From a historical perspective, the WATU games are something of an outlier in the historiography. Except for the United States Navy, which had a robust wargaming culture, the Allies used conflict simulations far less than the Axis powers. The general historical consensus has been that the Allies strayed away from gaming during the war, favoring instead the burgeoning field of operational research. Only a scant few war games were employed during the war itself, and those that were conducted tended to be rudimentary or impromptu affairs. This stands in stark contrast to the Germans and Japanese, both of whom practiced mid-war gaming to plan major operations.
What this book offers, then, is an incredibly detailed, intimate, and personal look at an instance that flies in the face of this long-held assumption. Moreover, while serval factors helped turn the tide in the Atlantic, Parkin makes a compelling case that the tactics that emerged from this unit played an important role in the anti-submarine campaign. Exactly how much is difficult to tell, though Parkin is quite bullish on the impact of the games. At the very least, the widespread dissemination of these tactics through the WATU school serves as an excellent case-study in how gaming and simulation can be a valuable pedagogical tool for exploring new possibilities and actively sharing them.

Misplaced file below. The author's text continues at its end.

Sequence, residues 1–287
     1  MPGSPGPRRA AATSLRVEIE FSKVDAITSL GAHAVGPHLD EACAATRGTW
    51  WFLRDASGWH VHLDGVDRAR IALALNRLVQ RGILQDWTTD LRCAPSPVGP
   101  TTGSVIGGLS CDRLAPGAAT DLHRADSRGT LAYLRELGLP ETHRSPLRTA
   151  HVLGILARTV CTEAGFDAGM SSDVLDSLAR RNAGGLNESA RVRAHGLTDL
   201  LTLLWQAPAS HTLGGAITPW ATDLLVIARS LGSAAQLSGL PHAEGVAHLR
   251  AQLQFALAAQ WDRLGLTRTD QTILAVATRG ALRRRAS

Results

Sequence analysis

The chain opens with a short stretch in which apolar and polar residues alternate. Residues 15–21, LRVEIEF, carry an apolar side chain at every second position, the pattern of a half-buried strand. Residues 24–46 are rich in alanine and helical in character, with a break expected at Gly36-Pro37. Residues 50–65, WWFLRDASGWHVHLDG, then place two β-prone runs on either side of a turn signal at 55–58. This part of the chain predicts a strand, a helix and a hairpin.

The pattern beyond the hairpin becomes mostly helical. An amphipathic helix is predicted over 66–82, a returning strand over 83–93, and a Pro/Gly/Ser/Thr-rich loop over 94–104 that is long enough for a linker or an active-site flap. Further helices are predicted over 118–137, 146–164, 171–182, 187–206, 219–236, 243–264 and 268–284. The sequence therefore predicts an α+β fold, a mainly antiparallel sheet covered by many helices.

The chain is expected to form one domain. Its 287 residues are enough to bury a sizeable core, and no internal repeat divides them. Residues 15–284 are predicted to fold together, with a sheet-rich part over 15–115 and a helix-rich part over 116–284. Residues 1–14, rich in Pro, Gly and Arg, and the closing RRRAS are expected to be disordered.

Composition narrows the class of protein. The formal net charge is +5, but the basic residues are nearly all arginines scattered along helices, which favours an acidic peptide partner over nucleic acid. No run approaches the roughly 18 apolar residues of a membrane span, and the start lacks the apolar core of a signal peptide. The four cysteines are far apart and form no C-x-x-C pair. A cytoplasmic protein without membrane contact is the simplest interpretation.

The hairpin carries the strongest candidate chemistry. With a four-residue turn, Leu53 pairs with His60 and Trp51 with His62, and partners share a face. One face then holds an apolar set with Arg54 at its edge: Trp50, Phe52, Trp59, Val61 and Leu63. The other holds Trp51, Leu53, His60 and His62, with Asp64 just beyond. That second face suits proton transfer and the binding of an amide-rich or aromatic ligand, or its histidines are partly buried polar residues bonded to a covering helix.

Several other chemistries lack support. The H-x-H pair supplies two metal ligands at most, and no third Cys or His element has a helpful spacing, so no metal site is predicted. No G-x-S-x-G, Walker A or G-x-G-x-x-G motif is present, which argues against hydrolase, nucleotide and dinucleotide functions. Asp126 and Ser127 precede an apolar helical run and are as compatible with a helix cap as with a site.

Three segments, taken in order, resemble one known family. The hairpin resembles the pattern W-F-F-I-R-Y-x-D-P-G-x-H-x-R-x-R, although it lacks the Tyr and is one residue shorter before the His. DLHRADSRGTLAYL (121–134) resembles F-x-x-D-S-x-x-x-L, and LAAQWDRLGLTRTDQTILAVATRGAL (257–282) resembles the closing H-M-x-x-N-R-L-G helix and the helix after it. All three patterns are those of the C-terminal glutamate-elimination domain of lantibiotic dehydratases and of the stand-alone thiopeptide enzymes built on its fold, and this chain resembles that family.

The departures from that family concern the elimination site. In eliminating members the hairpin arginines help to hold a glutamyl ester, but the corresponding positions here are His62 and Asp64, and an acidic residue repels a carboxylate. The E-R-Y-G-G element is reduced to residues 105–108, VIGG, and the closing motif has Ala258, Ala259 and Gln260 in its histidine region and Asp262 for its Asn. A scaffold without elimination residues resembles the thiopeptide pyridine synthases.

Even more unusual from a historical perspective was the critical role the Wrens played in the process. Wargaming has been, for most of its history, a male-dominated space. Obviously, as highly patriarchal institutions, professional militaries were incredibly resistant to allow women into the fold until very recently. As Parkin notes, even the British, who might pat themselves on the back for the sheer fact of the existence of the Women’s Royal Navy Service, were reluctant to allow women to perform roles of real responsibility.
This problem, however, is not limited to merely the naturally conservative armed forces. James Dunnigan, perhaps the man best in a position to know, has estimated that among the commercial wargaming community, only somewhere around 1% of active gamers are women. There have long been significant barriers to women entering this space, and despite what some have argued, these barriers are not biological, but rather social and cultural. But the culture is changing.
Today, many women have entered this formerly male-dominated space, particularly in the professional community. Slowly, perhaps too slowly, the craft is shaking off its boy’s club veneer. A Game of Birds and Wolves is an excellent book to signal the changing of this tide, and possibly introduce a wider audience to the community. With the film rights already picked up for a possible adaption by Amblin Partners, Steven Spielberg production company, this effect could be amplified.
A Game of Birds and Wolves is therefore important on a variety of fronts. It succeeds on a surface level as a stirring, well-told account about a long overlooked historical episode. Its narrative tone sets a high bar in a field that can at times be dry and academic. For those interested in serious games and their history, it provides an intriguing counterpoint to traditional notions of how the Allies used gaming, not merely for pre-war planning, but also for active training and tactical troubleshooting. And, most importantly, its centrality on women sheds a much-needed light on a group that his been systematically overlooked.